By John Colyandro & Brent Connett
Published by Austin Business Journal on February 8, 2013
Transportation infrastructure is among the first priorities of state government, and is a critical component of any robust free market economy.
In recent decades, however, vehicles have become more fuel efficient and inflation has made raw materials more expensive, causing gasoline tax revenues to grow slowly, and significantly hampering the purchasing power of those dollars that are collected.
For years, there have been warnings about the decline in financing for highway construction and maintenance. The Texas Department of Transportation (TxDOT) Legislative Appropriations Request for the 2014-2015 biennium, notes: “There is no question that Texas has a transportation funding challenge. Our traditional sources of funding have proven no longer reliable, making it difficult to meet the mobility needs of our rapidly growing state.”
The Texas State Data Center projects our state’s population to be as high as 55 million people by 2050. Furthermore, a recent Census Bureau report highlights Texas as the recipient of net internal migration: people leaving other states and moving to Texas. As population grows, so do the demands on infrastructure.
The state must construct more roads, and the money to do so has been in state coffers all along. State Senator Robert Nichols (R – Jacksonville) and State Representative Larry Phillips (R-Sherman) will offer a proposal this legislative session to dedicate most of the revenues from the existing motor vehicle sales and use tax to TxDOT for highway maintenance and construction, ensuring a reliable funding source to augment the gasoline tax [a primary source of funding for road construction and maintenance], and lessening the state’s reliance on debt to build roads.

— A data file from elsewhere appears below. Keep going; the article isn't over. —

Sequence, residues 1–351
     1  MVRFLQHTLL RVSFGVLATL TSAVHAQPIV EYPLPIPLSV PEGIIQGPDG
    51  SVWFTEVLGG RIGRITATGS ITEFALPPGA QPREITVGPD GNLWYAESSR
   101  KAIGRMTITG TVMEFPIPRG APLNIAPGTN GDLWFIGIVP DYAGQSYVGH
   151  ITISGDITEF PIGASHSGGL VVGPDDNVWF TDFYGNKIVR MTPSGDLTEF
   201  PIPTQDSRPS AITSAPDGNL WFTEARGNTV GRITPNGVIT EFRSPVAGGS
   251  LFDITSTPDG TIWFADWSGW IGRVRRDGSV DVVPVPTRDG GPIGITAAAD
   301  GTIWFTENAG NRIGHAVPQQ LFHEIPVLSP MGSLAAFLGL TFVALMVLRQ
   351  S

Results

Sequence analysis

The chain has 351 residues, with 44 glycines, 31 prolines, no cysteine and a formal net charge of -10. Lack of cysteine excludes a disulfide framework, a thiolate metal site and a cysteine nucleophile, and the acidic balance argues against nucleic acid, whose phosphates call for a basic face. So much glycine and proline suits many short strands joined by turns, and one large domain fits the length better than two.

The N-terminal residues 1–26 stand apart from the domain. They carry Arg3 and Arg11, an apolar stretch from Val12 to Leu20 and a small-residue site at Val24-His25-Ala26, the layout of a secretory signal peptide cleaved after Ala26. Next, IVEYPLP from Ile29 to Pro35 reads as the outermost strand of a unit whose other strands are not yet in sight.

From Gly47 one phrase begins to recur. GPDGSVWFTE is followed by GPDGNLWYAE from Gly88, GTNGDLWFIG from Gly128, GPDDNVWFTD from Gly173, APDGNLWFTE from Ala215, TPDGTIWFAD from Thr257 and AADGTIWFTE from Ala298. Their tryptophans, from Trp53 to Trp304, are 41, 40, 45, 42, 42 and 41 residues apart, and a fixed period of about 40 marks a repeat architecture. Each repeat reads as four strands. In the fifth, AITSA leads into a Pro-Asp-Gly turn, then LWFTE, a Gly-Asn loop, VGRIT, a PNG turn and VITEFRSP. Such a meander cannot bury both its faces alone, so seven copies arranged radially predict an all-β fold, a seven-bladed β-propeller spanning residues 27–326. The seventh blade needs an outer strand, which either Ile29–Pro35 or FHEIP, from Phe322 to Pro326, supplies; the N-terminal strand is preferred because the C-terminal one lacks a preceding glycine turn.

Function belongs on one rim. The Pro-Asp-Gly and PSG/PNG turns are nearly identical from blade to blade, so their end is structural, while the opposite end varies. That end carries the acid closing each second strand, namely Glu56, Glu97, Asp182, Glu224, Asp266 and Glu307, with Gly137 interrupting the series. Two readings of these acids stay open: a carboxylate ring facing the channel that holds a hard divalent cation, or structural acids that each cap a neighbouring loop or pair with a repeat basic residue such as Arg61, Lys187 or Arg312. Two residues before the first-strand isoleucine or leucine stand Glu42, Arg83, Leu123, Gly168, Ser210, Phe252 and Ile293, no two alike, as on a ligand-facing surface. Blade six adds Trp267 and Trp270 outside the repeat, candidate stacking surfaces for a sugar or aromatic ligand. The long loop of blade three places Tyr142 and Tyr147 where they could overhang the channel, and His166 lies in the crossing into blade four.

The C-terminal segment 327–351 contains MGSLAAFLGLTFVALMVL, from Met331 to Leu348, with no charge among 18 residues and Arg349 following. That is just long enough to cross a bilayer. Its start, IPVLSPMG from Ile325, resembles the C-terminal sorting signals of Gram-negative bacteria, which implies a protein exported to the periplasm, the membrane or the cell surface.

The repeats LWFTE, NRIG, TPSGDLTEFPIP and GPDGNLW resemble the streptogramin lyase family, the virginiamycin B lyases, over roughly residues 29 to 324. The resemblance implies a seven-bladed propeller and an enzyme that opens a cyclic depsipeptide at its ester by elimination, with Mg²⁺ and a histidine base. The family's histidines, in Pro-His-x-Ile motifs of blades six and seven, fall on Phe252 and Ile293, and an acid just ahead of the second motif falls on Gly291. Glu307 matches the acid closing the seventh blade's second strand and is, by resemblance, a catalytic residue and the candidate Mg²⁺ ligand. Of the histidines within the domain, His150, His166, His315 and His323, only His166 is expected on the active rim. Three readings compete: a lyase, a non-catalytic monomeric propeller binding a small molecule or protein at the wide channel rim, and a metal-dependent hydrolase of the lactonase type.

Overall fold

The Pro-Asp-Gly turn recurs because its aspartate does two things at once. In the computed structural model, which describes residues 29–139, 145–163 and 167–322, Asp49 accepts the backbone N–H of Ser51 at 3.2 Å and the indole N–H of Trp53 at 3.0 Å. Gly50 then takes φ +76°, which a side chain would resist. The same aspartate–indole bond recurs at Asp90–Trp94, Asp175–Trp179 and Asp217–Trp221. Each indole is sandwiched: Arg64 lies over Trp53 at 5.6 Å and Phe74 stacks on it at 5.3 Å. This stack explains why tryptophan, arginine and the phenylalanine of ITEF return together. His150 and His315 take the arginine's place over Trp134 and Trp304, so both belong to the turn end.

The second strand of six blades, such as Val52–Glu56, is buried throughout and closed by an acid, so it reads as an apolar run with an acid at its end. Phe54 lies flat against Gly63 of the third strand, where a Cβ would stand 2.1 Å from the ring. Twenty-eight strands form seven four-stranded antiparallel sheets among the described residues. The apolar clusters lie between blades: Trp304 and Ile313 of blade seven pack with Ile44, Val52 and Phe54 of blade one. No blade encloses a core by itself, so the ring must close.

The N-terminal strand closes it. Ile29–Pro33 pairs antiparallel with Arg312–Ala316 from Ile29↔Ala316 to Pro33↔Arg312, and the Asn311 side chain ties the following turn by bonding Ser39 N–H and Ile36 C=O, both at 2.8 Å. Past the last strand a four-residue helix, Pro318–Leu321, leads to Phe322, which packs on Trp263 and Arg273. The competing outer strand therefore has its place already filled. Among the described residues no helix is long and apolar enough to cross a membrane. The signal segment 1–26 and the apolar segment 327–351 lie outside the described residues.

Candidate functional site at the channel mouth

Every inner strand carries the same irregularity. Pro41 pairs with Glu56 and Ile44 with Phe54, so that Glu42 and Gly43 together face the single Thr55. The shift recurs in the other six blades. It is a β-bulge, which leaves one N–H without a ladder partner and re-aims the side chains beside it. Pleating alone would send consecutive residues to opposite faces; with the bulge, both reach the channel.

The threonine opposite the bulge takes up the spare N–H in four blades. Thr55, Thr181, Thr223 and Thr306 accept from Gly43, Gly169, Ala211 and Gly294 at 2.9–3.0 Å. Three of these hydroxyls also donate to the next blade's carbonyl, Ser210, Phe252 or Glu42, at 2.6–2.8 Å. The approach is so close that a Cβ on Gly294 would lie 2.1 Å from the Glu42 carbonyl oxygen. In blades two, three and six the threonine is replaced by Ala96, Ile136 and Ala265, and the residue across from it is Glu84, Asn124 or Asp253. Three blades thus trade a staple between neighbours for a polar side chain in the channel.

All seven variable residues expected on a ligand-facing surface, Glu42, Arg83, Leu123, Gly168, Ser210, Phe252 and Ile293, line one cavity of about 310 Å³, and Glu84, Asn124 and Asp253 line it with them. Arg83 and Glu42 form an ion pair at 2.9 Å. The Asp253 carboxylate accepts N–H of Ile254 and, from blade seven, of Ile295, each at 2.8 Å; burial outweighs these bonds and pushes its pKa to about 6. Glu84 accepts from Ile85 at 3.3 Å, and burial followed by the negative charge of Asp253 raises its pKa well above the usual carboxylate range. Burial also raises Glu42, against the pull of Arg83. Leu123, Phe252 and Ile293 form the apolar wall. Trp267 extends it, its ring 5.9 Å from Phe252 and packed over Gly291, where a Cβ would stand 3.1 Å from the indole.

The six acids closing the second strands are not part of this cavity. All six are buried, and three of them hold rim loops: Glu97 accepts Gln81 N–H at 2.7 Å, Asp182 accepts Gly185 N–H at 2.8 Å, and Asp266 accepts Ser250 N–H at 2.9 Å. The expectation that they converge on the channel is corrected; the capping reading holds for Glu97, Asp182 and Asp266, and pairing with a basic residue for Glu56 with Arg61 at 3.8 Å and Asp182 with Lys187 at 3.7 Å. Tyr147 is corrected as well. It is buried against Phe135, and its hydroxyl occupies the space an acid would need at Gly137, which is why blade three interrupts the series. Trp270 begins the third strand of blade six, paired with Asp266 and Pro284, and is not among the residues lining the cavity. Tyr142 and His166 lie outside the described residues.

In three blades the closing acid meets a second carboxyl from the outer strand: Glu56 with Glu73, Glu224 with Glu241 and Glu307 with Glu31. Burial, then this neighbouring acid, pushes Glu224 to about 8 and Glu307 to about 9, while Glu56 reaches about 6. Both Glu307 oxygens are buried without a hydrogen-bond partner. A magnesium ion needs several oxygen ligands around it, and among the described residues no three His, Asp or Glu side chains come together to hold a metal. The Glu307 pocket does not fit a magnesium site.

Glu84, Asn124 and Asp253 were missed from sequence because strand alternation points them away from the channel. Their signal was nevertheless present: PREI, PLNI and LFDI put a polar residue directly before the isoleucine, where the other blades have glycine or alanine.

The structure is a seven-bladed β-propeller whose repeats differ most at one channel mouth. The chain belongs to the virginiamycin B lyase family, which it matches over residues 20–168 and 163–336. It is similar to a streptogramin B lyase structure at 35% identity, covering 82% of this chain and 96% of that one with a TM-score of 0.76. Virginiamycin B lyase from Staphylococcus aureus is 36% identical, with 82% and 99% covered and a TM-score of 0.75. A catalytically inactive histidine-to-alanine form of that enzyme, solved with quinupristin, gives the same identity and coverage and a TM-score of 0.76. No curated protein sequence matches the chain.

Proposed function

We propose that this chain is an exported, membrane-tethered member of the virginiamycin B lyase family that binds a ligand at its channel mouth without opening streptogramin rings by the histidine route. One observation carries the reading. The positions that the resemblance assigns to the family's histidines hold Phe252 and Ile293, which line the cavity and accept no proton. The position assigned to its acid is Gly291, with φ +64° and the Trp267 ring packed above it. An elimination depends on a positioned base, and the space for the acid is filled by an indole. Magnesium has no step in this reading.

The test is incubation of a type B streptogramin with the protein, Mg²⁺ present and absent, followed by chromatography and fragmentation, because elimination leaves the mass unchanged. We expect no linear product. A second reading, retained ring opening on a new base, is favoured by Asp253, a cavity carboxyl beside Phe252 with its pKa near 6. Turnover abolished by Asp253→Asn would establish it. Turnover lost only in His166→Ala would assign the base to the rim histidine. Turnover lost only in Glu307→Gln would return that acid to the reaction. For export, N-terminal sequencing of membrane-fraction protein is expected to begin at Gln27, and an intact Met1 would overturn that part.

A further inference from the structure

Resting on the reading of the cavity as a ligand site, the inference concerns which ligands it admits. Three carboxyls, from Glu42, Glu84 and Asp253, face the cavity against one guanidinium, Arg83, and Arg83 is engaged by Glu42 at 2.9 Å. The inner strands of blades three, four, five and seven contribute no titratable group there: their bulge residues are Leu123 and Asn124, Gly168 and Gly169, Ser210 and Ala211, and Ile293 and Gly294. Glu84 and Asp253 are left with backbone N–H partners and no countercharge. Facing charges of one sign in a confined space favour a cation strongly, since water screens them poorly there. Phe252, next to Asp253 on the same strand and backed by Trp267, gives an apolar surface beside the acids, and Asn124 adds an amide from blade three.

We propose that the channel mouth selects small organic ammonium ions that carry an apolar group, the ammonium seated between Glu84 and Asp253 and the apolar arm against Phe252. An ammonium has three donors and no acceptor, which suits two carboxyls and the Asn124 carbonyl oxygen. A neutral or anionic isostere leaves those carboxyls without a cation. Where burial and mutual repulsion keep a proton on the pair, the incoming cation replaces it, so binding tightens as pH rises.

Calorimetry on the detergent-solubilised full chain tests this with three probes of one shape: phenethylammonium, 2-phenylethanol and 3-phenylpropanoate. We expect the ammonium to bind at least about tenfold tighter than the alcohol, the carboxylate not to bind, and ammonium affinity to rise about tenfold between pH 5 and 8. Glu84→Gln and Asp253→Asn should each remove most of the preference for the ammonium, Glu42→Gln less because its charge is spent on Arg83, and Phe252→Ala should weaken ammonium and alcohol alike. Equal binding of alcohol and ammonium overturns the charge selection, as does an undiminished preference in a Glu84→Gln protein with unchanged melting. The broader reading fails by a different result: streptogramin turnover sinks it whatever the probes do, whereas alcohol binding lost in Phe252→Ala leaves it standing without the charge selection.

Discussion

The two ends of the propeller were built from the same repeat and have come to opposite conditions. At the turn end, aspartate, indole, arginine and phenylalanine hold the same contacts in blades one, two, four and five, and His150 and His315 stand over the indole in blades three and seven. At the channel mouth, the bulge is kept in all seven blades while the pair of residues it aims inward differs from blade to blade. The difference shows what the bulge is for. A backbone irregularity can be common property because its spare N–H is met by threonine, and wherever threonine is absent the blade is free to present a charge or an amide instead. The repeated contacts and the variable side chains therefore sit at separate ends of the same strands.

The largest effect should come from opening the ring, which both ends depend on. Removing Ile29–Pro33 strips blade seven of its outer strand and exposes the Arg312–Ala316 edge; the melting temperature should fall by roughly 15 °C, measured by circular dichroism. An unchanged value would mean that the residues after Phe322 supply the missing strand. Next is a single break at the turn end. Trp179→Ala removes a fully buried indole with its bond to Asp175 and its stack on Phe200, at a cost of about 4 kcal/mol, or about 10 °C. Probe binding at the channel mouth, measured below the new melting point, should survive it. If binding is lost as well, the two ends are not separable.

Texas debt service payments have doubled since 2007, and in the most recent state budget, debt service payments total more than spending on the judiciary and the Department of Public Safety, combined. Transportation-related debt is among the chief contributors to increases in state debt, accounting for more than one-third of all outstanding state debt. Transportation debt accounts for 57.6 percent of the debt that the Bond Review Board anticipates will be issued in fiscal year 2013.
The approach chosen by Sen. Nichols and Rep. Phillips would finance road construction and maintenance up front. In fiscal year 2012, the motor vehicle sales tax brought in more than $3 billion to state coffers, making it among the largest sources of state revenue. Yet most of that money goes into the General Revenue Fund (GR), most of which is consumed by education and health and human services. Those two categories along with public safety and criminal justice account for 94.7 percent of state GR spending.
Using motor vehicle sales tax revenue for road construction and maintenance will help to refocus state government on a core responsibility. In addition, the proposal would gradually shift the motor vehicle sales and use tax revenues from GR to TxDOT, easing the reduction in funds. Furthermore, revenues from the motor vehicle sales and use tax should be dedicated to road maintenance and construction since sales of vehicles directly impact the usage of Texas’ transportation infrastructure.
As Senator Nichols asks, “What would be more logical than to use the transportation-related funds to make the improvements needed on the highway the vehicle is dependent on?” The Senator frequently names core principles for transportation finance, which include: the funding source must be predictable over long periods of time, transportation related, and automatically adjustable for inflation. The motor vehicle sales tax does all of these.
The proposal garners broad support from Texans. In a poll of 750 likely general election voters, conducted by the Texas Conservative Coalition Research Institute in late October, 2012, respondents were asked if they support or oppose the idea. 63 percent support it, while only 22 percent oppose the idea.
Combined with public-private partnerships, the Nichols/Phillips proposal takes an existing revenue stream that is directly related to the number of vehicles on the road and repurposes it, ensuring sufficient and predictable funds for highway construction and maintenance that are necessary for Texas’ economic future.
John Colyandro is Executive Director and Brent Connett is Communications Director at the Texas Conservative Coalition Research Institute, based in Austin.